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Serving: KS

Now that’s a great pumpkin

Photos by Jennifer M. Latzke Calvin Beeson, his wife Paige, and their daughters, Olivia and Hadley, pose with “Trashcan” the 1,127.2-pound, Kansas-record-breaking pumpkin
RECORD-BREAKER: Calvin Beeson, his wife, Paige, and their daughters, Olivia and Hadley, pose with Trashcan, the 1,127.2-pound, Kansas-record-breaking pumpkin they grew on their farm near Clyde, Kan. The pumpkin was on display at the Pride of Kansas Building during the 2021 Kansas State Fair, in Hutchinson.
Pumpkin farmer busts Kansas State Fair record with a 1,127.2-pound behemoth.

Trashcan the pumpkin got it got its moment to shine at the 2021 Kansas State Fair.

Weighing in at a Kansas-record-breaking 1,127.2 pounds, this mammoth pumpkin from Calvin Beeson of Clyde, Kan., drew crowds to its corner of the Pride of Kansas Building. Beeson has been growing giant watermelons for several years and says Trashcan — named by his youngest daughter, Hadley — is just his second try at a giant pumpkin.

Seed to success

Beeson, his wife, Paige, and their daughters, Olivia and Hadley, raise watermelons on their farm in Cloud County for the annual Clyde Watermelon Festival, and he has brought the largest watermelon to the Kansas State Fair before. To raise a giant pumpkin takes similar skills.

But first, you need giant pumpkin seeds — which Beeson says are about the size of a silver dollar.

a record-breaker pumpkin, grown by Calvin Beeson, Clyde, KanMAIN ATTRACTION: Every year, crowds make their way to the corner of the Pride of Kansas Building on the Kansas State Fairgrounds to see the giant pumpkins. This year, they were treated to a record-breaker grown by Calvin Beeson of Clyde, Kan.

“We find the seeds online,” Beeson says. “There are giant grower auctions. So, we bought the seeds and got them going good inside, and then we got them outside in March.”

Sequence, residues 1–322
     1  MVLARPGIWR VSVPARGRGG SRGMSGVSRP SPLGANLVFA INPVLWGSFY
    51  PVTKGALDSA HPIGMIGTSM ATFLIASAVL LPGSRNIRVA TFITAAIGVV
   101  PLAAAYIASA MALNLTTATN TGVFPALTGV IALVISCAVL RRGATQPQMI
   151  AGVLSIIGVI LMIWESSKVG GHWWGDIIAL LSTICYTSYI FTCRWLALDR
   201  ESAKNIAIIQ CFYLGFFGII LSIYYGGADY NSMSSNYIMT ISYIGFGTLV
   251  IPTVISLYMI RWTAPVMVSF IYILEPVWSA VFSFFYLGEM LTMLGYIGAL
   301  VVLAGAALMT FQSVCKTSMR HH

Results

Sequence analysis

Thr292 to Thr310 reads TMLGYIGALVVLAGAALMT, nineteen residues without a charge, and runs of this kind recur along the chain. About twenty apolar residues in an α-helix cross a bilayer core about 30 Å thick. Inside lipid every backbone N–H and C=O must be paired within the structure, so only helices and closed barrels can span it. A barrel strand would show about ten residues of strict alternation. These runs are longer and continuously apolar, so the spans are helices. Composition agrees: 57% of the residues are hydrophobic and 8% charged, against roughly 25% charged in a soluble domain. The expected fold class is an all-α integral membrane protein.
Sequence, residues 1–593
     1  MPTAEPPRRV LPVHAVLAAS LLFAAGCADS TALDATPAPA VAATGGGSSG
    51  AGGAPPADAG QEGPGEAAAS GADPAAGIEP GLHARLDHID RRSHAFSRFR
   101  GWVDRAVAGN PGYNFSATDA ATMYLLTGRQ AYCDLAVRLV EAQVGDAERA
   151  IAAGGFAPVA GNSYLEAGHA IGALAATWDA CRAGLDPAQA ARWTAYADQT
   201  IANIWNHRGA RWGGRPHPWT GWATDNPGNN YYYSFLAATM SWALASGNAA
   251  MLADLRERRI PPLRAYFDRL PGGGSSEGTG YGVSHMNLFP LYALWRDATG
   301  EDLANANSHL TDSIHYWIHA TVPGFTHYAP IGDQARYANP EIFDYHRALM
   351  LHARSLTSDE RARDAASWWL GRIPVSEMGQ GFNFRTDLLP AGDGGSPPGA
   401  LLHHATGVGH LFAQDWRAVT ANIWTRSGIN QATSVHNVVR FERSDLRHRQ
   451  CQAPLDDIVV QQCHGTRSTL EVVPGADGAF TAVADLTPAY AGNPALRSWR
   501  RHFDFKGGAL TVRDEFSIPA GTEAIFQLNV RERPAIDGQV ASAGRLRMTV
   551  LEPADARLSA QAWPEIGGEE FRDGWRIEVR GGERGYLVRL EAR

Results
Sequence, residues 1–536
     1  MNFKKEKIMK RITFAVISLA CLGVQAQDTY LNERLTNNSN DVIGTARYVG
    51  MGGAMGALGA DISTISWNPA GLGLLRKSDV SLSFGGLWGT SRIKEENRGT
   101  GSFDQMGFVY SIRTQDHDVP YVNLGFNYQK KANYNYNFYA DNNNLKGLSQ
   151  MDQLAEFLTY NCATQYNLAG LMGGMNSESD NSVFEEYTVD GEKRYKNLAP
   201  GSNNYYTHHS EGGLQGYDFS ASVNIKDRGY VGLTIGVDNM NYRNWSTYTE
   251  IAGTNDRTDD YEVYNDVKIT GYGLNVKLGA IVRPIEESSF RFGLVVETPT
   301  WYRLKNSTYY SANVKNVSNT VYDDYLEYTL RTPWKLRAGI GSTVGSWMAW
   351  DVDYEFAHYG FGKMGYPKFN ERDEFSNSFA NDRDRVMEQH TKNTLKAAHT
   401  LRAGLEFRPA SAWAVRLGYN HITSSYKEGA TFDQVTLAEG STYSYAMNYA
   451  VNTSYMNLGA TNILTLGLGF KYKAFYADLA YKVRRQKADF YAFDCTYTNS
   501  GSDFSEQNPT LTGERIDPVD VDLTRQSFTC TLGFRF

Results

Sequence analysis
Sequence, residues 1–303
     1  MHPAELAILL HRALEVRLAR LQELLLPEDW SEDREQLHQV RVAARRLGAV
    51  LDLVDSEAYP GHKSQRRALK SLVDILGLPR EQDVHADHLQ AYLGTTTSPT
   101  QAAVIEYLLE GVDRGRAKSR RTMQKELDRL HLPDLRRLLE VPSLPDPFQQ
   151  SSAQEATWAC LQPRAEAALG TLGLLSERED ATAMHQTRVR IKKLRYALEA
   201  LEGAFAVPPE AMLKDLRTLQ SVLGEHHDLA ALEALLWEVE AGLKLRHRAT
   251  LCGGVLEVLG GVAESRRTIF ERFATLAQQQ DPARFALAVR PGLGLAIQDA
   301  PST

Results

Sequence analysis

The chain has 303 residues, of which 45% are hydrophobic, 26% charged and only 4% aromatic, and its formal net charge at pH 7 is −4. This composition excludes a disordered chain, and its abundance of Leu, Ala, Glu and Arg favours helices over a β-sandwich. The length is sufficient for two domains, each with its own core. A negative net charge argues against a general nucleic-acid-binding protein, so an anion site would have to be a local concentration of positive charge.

The goal is to establish a big plant to sustain the pumpkin during its growth — which, in the case of Trashcan, was as much as 49 pounds on just one day at the peak of its growth spurts, he adds.

Daily chores

Once the vine is good and established, Beeson says the next step is to pluck off every blossom but one. You want all of the water and nutrients to be directed to one pumpkin, he says.

“You want to keep that pumpkin shaded at all times,” Beeson says. This is because the sun will ripen the fruit, and it won’t achieve its potential giant size.

Next is to create air circulation around the pumpkin to keep the gourd itself dry, so that rot doesn’t set in.

“I usually run fans on the blossom end, and I run fans on the stump end 24/7,” he says. “That’s because that’s where all your problems will start, on the blossom end where you pollinated it, and then your stem.”

It also helps that the Beesons have good, sandy soil, which is ideal for pumpkins and watermelons.

He also spends days fighting insects that will attack the plants and suck vital nutrients.

Each day, Beeson takes measurements and consults a growth chart that fellow giant pumpkin growers have developed over the years, so that he can get an idea of its growth without using a scale.

“On the average, it was growing 20 to 30 pounds per day,” Beeson says. It took about 72 to 74 days to grow to the size it would reach, but another 10 to 15 days to finish it.

Time for competition

As you can imagine, it’s a delicate procedure to move the giant from the pumpkin patch in Clyde to its final destination, the Pride of Kansas Building at the Kansas State Fair in Hutchinson. But the world of competitive pumpkin growers has developed a pumpkin sling — and a technique to get it from the patch to a pallet for easier transport, using a skid steer and a truck.

The group of giant pumpkin growers and giant watermelon growers is full of friendly competition in Kansas, Beeson says. There’s some good-natured teasing about who’s going to walk away with the big prize each year, but they’re also the first to congratulate each other on a new record. Beeson broke the record held by Donovan Mader of Garden City since 2015.

Trashcan won’t wind up on the dinner table — giant pumpkins typically will have rinds a foot thick and aren’t really good eating, Beeson says. Its seeds, though, will be retained, and Beeson and his family will try again next year.

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